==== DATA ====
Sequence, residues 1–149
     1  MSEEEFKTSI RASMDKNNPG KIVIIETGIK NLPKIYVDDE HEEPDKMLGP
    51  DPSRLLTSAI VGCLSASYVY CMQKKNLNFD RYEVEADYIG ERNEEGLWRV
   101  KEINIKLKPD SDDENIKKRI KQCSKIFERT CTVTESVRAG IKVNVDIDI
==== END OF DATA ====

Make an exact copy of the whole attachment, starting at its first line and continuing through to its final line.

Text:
Sequence, residues 1–149
     1  MSEEEFKTSI RASMDKNNPG KIVIIETGIK NLPKIYVDDE HEEPDKMLGP
    51  DPSRLLTSAI VGCLSASYVY CMQKKNLNFD RYEVEADYIG ERNEEGLWRV
   101  KEINIKLKPD SDDENIKKRI KQCSKIFERT CTVTESVRAG IKVNVDIDI